FOM: computer proofs

Vladimir Sazonov sazonov at
Wed Dec 2 18:26:27 EST 1998

Stephen Cook wrote:

> This brings up an interesting question:   Is there a formal version of
> Wiles' proof in ZFC which has feasible length?  More problematical
> is the same question for PA.

First, it would be very strange if Wiles' proof of FLT (implicitly?)
some new principle outside ZFC or even some known large cardinal axiom
the like. 

[I do not think that Stephen Cook has such opinion, but I say this for 
completeness. Analogous question: to resolve or understand something 
essential on another problem "P=NP?", which seems should be more 
interesting for fomers, do we need some strong set-theoretic principles, 
even Choice Axiom? do we need full strength of ZF or PA or PRA? is not 
bounded induction axiom enough? is not more reasonable to concentrate 
attention even on much weaker feasible arithmetic which postulate that 
some "concrete" large number is infeasible?]

Second, it seems that it should be a routine to convert Wiles' proof 
which was written *by hands* into a formal feasible proof in ZFC with 
using some abbreviation mechanism. 

It is unreasonable to consider the *ordinary* mathematics with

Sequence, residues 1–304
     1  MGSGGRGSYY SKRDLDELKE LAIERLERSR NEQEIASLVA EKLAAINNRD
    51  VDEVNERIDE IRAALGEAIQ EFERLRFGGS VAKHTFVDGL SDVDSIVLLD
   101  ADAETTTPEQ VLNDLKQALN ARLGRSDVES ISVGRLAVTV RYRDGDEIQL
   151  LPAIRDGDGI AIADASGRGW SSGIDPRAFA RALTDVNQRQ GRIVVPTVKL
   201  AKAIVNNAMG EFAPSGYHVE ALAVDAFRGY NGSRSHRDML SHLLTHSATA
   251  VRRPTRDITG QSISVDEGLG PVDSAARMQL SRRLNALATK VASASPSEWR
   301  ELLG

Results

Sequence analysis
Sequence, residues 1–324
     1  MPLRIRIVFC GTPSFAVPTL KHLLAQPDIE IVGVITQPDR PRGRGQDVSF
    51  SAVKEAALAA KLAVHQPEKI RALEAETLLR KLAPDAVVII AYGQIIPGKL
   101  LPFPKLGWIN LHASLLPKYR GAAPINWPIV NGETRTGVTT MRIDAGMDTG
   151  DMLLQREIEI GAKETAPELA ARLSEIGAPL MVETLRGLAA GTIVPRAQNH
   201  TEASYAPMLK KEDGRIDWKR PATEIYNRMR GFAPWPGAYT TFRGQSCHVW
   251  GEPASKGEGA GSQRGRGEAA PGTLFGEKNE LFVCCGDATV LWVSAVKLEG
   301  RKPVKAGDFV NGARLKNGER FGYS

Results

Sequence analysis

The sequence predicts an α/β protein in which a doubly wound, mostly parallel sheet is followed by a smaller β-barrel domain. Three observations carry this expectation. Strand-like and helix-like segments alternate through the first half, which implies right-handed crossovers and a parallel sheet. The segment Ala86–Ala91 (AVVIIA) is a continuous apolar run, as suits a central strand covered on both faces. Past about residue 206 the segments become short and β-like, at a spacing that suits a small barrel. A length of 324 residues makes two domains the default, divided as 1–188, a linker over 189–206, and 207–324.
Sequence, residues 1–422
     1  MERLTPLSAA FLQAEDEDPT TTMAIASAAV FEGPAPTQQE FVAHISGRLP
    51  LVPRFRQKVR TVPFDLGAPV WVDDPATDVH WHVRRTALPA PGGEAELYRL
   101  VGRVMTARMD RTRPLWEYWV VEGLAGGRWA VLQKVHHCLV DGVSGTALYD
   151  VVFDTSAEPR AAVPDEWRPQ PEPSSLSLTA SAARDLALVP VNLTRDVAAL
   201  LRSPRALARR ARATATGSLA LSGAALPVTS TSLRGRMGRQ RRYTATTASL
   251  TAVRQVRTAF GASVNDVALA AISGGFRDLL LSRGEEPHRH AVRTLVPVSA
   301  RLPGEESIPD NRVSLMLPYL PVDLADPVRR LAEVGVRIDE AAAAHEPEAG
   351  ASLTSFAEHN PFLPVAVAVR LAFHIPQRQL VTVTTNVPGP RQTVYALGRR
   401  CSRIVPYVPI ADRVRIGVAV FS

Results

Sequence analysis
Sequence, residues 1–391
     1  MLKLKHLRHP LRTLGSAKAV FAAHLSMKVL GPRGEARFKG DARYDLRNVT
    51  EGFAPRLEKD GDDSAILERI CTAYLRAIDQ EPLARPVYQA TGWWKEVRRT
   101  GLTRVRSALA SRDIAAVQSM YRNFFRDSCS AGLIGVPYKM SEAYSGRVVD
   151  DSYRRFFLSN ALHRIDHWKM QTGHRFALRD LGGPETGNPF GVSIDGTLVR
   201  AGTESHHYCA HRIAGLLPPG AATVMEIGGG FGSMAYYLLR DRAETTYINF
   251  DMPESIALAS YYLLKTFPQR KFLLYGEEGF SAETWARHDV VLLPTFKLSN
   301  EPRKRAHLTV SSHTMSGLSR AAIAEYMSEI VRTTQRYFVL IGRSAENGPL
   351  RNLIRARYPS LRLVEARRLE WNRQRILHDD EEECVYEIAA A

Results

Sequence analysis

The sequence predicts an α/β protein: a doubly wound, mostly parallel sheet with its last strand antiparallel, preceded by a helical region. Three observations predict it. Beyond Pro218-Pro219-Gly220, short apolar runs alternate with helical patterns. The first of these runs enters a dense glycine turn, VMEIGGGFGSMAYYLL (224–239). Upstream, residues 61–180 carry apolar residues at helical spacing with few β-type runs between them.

abbreviations forbidden. But it is interesting to know which kind of 
abbreviations extending some system of first-order logic (say, natural 
deduction) is enough to derive feasibly all the contemporary 
mathematical theorems from ZFC. In principle it could be possible that 
for new interesting proofs from ZFC axioms we should invent some new 
kinds of abbreviations to present these proofs formally and feasibly. 
Is there a "complete" system of abbreviations which will be practically 
enough? Probably Randy Pollack can comment this? Recall the following 
citation from his last message to fom: 

> the business of completely formal mathematics (or "explicit
> mathematics") is largely finding formal systems that we believe and
> that support proofs of feasible length

Finally, can we rigorously *prove* in any reasonable sense that such 
and such kinds of abbreviations are "complete", i.e. "enough", or 
there should be some analogue of G"odel's incompleteness phenomenon? 

Vladimir Sazonov

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